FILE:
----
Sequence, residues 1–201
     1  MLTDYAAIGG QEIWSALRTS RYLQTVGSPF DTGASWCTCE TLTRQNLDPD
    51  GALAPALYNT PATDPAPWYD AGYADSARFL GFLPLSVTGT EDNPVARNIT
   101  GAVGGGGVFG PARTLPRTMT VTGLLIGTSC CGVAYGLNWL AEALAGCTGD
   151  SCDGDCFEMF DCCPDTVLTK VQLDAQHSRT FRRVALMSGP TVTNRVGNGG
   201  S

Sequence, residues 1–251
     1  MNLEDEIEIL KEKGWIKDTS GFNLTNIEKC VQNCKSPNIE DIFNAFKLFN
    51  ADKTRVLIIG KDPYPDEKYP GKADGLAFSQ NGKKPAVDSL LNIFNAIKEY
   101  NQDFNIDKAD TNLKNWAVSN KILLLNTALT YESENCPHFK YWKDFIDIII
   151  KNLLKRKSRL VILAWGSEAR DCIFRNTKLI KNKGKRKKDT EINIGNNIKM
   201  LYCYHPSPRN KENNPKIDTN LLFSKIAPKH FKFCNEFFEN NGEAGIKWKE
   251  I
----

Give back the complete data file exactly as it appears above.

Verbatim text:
Sequence, residues 1–201
     1  MLTDYAAIGG QEIWSALRTS RYLQTVGSPF DTGASWCTCE TLTRQNLDPD
    51  GALAPALYNT PATDPAPWYD AGYADSARFL GFLPLSVTGT EDNPVARNIT
   101  GAVGGGGVFG PARTLPRTMT VTGLLIGTSC CGVAYGLNWL AEALAGCTGD
   151  SCDGDCFEMF DCCPDTVLTK VQLDAQHSRT FRRVALMSGP TVTNRVGNGG
   201  S

Sequence, residues 1–251
     1  MNLEDEIEIL KEKGWIKDTS GFNLTNIEKC VQNCKSPNIE DIFNAFKLFN
    51  ADKTRVLIIG KDPYPDEKYP GKADGLAFSQ NGKKPAVDSL LNIFNAIKEY
   101  NQDFNIDKAD TNLKNWAVSN KILLLNTALT YESENCPHFK YWKDFIDIII
   151  KNLLKRKSRL VILAWGSEAR DCIFRNTKLI KNKGKRKKDT EINIGNNIKM
   201  LYCYHPSPRN KENNPKIDTN LLFSKIAPKH FKFCNEFFEN NGEAGIKWKE
   251  I